At Each New Hearing, Young Conductor’s Art, Promise Shine Brighter


Dalia Stasevka conducting the Orchestre symphonique de Montréal. (Photos by Antoine Saito)

MONTREAL – Dalia Stasevska: You might recognize the name from its convoluted association last September with the Last Night of the Proms and the controversy that followed the decision (eventually reversed) by the BBC to perform “Rule, Britannia!” and “Land of Hope and Glory” without their patriotic lyrics. It was assumed by some (well, several, to judge by online comment threads that this Ukrainian-born Finnish conductor — principal guest of the BBC Symphony — had instigated the apparent anti-imperialist crackdown. She issued a statement to the effect that she had not. The BBC, for its part, insisted that the no-chorus edict was connected solely to COVID-19 restrictions.

The denials and clarifications did little to calm the gathering storm. After none other than UK Prime Minister Boris Johnson expressed his dismay at the idea of a night of wordless anthems, an appropriately small and distanced choir was engaged to stand in the otherwise unoccupied stalls of the Royal Albert Hall and let Britannia rule the waves. Clutching my virtual Union Jack, I tuned into the webcast in a curmudgeonly mood. Dalia Stasevska indeed. Then my shoulders dropped. This was a good conductor.

We can raise that ante to very good in the wake of two performances with the Orchestre symphonique de Montréal, one of which is available online until May 11. Both concerts were recorded  in mid-March in the empty Maison symphonique before a relaxation of rules in Quebec’s “red zones” made small live audiences possible.

Stasevska showed a firm but flexible beat, integrated with the natural pulse of the music. Arms moved expansively to broaden the sonority or taper a melodic line. Wide-eyed facial expressions communicated a sense of wonderment at the sounds coming from the orchestra.

Of course, looking good is of no avail without audible results, which Stasevska delivered. Sibelius’ Third Symphony, the least loved of the seven, was a dynamic exercise in tension and release, its mysterious and extrovert elements given equal value. Pizzicati were precise in the first movement while the second movement drew attention to the conductor’s ability to make a subtle gesture seem decisive. If the chorale tune of the finale was undernourished — the spread-out orchestra numbered only 61 — the C major conclusion was still convincing.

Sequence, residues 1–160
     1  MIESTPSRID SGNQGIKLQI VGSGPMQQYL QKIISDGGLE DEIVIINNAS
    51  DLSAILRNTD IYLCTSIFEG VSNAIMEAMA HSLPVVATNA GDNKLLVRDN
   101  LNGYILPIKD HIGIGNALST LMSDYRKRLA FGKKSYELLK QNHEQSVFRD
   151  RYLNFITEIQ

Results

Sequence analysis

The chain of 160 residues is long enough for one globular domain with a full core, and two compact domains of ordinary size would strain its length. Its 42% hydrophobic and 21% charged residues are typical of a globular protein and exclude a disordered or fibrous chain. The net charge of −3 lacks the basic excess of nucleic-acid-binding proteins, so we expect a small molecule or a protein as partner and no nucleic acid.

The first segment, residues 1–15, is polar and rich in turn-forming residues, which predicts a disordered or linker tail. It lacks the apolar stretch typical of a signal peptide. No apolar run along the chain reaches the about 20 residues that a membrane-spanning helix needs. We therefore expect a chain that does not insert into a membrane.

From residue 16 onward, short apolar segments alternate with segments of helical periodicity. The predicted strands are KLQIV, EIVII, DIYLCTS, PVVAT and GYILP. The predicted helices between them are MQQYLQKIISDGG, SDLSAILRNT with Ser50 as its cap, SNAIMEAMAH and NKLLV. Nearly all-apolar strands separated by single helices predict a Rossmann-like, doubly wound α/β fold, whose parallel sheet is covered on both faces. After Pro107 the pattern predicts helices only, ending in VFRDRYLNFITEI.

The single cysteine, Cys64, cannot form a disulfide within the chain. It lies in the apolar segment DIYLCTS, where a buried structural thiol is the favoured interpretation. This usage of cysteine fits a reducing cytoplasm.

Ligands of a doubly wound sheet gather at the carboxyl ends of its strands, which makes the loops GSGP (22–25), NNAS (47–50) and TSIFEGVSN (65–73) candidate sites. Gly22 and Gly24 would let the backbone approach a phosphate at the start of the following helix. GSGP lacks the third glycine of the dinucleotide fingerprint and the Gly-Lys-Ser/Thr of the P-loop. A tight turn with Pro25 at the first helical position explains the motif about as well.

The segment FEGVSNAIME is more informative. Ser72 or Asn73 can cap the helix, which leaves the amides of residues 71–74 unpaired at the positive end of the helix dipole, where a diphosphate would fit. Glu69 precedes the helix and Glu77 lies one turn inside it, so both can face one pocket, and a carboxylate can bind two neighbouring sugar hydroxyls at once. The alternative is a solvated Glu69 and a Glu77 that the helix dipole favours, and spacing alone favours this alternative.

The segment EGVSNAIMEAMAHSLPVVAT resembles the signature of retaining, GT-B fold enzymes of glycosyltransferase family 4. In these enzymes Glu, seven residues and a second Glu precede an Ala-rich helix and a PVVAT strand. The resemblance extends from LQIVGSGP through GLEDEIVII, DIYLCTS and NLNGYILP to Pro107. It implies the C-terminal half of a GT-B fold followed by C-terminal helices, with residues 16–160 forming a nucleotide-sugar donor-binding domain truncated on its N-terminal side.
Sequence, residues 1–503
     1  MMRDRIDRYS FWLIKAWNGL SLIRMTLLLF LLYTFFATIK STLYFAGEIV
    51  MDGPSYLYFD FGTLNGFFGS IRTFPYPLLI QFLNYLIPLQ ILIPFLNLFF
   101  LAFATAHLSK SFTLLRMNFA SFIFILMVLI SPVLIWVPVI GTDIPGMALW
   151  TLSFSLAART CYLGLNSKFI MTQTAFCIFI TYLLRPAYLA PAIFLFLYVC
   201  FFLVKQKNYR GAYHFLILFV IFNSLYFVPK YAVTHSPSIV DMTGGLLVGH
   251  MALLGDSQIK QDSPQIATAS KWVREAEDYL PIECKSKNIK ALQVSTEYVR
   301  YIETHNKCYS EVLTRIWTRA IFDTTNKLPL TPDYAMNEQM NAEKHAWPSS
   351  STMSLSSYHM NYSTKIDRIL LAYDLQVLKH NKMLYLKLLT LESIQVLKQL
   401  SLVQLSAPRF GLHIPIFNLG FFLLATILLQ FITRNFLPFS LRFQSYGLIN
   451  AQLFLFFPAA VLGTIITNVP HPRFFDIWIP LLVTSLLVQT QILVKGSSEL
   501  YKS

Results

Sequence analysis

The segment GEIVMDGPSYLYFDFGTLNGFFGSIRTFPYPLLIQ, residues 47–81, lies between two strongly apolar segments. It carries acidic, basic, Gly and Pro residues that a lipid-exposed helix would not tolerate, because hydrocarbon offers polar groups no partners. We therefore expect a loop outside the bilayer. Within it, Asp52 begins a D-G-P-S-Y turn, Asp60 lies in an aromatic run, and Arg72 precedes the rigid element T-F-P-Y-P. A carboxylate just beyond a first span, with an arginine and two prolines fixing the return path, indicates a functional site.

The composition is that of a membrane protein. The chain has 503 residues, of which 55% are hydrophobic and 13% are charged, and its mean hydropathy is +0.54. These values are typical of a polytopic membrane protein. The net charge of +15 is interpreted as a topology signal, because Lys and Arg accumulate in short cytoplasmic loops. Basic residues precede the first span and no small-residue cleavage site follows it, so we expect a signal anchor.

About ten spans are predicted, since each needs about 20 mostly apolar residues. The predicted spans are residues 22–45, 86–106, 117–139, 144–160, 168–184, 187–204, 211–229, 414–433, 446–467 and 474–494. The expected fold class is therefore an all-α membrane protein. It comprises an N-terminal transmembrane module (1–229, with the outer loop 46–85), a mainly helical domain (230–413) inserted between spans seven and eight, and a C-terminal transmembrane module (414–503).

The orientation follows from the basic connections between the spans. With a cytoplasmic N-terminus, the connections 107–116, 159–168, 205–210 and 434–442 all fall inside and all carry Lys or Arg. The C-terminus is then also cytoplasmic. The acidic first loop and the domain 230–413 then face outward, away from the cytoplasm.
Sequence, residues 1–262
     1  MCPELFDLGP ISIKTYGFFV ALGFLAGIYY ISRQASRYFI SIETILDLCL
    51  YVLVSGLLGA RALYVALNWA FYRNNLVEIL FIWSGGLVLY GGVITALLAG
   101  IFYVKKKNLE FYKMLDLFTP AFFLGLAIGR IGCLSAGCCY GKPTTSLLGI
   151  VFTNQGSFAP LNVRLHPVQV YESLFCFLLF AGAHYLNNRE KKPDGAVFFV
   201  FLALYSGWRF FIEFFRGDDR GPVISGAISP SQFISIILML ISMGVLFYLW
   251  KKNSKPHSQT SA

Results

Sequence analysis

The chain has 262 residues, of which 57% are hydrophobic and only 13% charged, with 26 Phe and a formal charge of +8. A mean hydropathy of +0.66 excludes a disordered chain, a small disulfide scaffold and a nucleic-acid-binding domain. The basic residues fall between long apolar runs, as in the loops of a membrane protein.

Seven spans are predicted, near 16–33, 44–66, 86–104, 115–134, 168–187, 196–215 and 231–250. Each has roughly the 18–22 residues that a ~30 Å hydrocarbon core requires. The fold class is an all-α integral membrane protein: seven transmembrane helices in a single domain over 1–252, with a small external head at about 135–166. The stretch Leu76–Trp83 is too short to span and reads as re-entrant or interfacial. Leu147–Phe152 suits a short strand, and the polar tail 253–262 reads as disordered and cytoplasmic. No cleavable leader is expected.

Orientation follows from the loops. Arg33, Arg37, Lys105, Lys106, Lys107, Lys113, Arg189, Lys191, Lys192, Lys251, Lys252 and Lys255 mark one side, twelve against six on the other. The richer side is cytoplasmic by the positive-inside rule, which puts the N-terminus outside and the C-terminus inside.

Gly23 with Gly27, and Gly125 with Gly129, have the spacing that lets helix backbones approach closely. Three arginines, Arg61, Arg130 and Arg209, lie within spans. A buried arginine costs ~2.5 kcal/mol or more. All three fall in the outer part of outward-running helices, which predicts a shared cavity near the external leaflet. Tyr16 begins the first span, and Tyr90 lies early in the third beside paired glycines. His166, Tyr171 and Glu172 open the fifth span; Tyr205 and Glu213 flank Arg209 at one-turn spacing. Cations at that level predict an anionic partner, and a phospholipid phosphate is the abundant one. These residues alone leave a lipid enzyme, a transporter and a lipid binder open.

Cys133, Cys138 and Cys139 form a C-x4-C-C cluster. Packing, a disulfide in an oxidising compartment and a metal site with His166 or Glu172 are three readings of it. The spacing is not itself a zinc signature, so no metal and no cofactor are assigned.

The program began with Paradisfåglar II (Birds of Paradise II), an eight-minute aural aviary by the Swedish composer Andrea Tarrodi, whose music, according to the program notes, was being heard in Canada for the first time. Rather like a birdwatcher’s outing, this evocative collection of cheeps, toots, and tremolos was more about the journey than arriving at any destination. A cymbal was used liberally to create a background drone. Crickets? 

Between Sibelius and Tarrodi came Tchaikovsky’s Rococo Variations with cellist Bryan Cheng, winner of the 2019 OSM Competition, as the jovial and baritonal soloist. The virtuoso elements of this showpiece should sound like fun, and so they did. Stasevska caught the courtly rhythm, even if the woodwind refrains were a tad raucous. 

The Montreal Symphony playing in socially distanced fashion under Dalia Stsevska

A concert featuring Shostakovich’s First Symphony (unfortunately no longer available to stream) was stronger, thanks to an orchestra comprising more principals and fewer stand-ins. (Former music director Kent Nagano left the OSM last year with many vacancies. His successor, Rafael Payare, does not start officially until 2022.) Again Stasevska impressed with her ability to make incisive points at modest volume. Not that fortissimos lacked anything in body. The irony and lyricism of this teenage masterpiece were both well represented. Andrei Malashenko showed how formidably melodic a timpani solo can be. 

The opener was Sibelius’s Finlandia. Coarse brass at the start did not much attenuate the positive overall impression. In the middle came Einojuhani Rautavaara’s evocative Harp Concerto of 2000 with Jennifer Swartz as soloist. This veteran principal knows how to bring out the articulate as well as sensuous qualities of her instrument. Oddly but not ineffectively, Rautavaara used two backup harps to fill out his modal harmonies. 

The Transmission video company adopted an itinerant filming style, generally favoring closeups over panoramas. Even if there was too much stress on this player or that, we knew who was in charge. Will Stasevska (who is 36) make a similar impression in a live setting? I await an opportunity to find out.